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Still from Netflix serial "YOU"... snoop dogs
 
 
McAfee suggests sensible ways to protect your information online

London, 11 February  17 2019: Netflix’s hit series You, has got people discussing their online privacy and traceability. However, McAfee, the device-to-cloud cybersecurity company, reveals that  only one in 10 (12%) people remotely erased data from lost or stolen devices.
Only 17% said they remotely locked or changed passwords and a mere 12% remotely erased data from the lost or stolen device to prevent it getting into the wrong hands.  The survey was conducted in the UK but the learnings ar3e universal.
You’s protagonist, Joe, showed just how easy it can be to track someone via a stolen device still connected to the cloud and McAfee warns this is a stark reminder to change passwords, lock, and wipe a phone the moment it goes missing. In the show, this residual connectivity resulted in Joe tracking Beck’s live location and gaining access to her social media accounts and private messages.
Says Chief Scientist and McAfee Fellow, Raj Samani: “Every day, people leave streams of information about themselves online without considering the risks of their digital footprint. Our research discovered that 60% of people disclose their location in some form when posting online, for example tagging the restaurant they are at on Instagram Stories. Even more concerning is that 15% have posted photos of the front of their house to social media.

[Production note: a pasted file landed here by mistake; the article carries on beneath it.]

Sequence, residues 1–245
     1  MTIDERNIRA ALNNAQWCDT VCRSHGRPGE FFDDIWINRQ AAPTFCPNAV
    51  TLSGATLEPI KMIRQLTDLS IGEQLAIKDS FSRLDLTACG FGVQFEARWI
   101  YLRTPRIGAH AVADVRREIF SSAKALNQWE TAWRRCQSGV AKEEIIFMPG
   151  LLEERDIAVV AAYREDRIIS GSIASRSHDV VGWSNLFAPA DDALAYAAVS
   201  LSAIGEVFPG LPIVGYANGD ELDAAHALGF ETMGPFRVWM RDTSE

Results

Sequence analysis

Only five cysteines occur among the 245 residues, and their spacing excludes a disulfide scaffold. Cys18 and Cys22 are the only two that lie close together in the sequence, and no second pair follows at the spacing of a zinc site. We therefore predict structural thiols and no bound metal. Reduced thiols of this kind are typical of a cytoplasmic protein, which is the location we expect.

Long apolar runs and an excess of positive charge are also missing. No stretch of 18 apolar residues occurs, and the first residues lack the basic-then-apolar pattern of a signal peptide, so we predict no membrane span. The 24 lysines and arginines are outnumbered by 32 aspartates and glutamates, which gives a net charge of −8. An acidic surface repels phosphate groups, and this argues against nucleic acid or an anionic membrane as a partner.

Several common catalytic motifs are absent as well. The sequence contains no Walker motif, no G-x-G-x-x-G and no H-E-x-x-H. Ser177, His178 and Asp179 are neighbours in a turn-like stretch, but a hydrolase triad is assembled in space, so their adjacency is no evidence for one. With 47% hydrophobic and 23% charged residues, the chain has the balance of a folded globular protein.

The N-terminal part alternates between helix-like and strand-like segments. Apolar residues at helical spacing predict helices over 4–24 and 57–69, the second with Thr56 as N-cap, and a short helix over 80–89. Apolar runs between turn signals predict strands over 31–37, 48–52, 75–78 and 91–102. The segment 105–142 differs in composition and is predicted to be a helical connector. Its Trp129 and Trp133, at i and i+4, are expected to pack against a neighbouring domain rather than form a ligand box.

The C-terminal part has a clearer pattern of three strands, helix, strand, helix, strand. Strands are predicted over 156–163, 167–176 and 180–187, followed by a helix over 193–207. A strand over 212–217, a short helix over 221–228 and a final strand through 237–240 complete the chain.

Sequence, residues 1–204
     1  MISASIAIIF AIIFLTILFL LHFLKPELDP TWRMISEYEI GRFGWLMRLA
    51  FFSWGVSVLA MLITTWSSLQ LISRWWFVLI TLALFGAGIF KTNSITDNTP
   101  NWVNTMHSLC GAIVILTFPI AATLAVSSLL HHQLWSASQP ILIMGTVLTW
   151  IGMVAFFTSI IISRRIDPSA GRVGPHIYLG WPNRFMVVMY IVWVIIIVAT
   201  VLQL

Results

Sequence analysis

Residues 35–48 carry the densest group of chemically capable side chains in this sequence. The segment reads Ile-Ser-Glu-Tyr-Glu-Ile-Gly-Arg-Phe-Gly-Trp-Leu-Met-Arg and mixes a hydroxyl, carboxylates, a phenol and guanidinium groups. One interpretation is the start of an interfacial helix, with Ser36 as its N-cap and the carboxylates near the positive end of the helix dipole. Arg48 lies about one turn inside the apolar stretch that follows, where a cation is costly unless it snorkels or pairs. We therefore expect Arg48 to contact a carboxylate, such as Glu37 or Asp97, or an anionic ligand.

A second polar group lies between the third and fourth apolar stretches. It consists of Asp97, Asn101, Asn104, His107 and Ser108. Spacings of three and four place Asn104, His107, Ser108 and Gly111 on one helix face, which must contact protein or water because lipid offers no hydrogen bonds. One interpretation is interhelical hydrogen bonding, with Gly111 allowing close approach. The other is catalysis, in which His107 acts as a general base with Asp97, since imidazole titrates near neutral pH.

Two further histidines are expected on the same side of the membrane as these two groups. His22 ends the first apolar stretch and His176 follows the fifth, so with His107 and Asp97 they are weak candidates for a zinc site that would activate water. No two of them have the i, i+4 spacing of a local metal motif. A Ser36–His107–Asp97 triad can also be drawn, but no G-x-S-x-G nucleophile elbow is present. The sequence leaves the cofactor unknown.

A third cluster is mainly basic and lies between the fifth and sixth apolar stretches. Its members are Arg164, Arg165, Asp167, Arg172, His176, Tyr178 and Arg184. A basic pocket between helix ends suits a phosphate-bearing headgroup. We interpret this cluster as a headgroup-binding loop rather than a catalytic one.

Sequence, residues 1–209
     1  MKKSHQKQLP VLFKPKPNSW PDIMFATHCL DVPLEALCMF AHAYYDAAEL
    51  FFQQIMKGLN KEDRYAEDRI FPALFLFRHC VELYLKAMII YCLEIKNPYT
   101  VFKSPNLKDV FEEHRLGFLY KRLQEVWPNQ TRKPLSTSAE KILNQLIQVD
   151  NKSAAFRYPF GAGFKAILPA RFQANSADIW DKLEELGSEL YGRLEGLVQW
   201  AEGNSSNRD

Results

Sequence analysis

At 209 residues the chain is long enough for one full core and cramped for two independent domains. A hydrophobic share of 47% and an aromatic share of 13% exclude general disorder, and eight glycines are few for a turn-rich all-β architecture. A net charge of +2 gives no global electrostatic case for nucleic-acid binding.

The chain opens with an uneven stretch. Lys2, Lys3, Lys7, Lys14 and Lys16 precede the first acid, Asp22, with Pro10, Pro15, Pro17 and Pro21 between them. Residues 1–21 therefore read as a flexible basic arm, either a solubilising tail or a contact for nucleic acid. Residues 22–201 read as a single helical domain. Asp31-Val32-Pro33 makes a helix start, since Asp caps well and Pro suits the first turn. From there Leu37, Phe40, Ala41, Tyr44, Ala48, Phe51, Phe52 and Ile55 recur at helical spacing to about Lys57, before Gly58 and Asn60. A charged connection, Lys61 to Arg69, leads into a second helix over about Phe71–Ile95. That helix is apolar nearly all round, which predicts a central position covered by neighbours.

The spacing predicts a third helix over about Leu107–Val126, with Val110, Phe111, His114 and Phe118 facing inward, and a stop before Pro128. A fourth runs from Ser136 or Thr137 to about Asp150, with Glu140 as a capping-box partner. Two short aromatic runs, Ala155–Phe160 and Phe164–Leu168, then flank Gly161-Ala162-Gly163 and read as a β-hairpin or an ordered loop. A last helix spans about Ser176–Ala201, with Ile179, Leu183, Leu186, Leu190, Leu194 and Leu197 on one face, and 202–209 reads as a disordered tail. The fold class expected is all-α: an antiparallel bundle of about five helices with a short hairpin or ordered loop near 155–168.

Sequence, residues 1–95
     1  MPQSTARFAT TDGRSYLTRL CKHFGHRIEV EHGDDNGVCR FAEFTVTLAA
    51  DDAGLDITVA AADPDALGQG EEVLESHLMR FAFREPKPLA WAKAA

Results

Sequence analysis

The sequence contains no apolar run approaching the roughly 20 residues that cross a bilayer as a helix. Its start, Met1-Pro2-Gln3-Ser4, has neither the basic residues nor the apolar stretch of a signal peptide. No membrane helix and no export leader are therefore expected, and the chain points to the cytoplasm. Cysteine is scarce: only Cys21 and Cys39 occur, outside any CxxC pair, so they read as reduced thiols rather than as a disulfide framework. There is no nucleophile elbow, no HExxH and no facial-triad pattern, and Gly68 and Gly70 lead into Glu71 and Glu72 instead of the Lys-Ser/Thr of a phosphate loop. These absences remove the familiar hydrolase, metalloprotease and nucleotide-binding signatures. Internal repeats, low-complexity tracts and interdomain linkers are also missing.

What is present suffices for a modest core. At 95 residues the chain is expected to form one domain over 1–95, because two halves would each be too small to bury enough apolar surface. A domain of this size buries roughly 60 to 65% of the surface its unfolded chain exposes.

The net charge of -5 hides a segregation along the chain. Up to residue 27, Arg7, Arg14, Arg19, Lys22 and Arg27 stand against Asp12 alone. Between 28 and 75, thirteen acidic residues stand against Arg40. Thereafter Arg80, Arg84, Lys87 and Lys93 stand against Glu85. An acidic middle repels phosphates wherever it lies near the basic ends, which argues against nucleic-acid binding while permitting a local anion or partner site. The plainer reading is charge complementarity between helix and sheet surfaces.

“If this information gets into the wrong hands, it can be used to paint a detailed picture of someone and offer direct access into their lives. Although ‘You’ is thankfully a fictional show, it served to highlight how information we share online can have scary repercussions if it ends up in the hands of criminals.”
Tips from McAfee about how to protect your information online:

  • Watch out for geo-tagging. Many social networks will tag a user’s location when uploading a photo, as well as offering users the option to tag their location when posting. You should ensure this feature is turned off to avoid disclosing your location to criminals or people you would not want to know your whereabouts.
  • Don’t overshare on social media. Oversharing online can paint a picture of us very quickly. Keep sensitive data such as your date of birth, address, job, or names of family members private. Also, rethink whether you really want your relationship status made public.
  • Sharing is not always caring. Only share photos and other social media posts with your intended audience. If you have blocked an individual, make sure they stay out of your social media feeds. Services like Facebook and Instagram have features that allow posts to be viewed only by confirmed connections. Check your privacy settings regularly, as they often change.
  • Be careful who you befriend online. Only accept friend requests from people you know in real life. Often hackers or criminals will send requests so they can see the information you are sharing to help them in access your private information.
  • Set up unique logins for each app you are using. Setting up a different password for each app or account you use is a great way to protect yourself and your data online. If you no longer use a social media account, delete your information and deactivate your account



    


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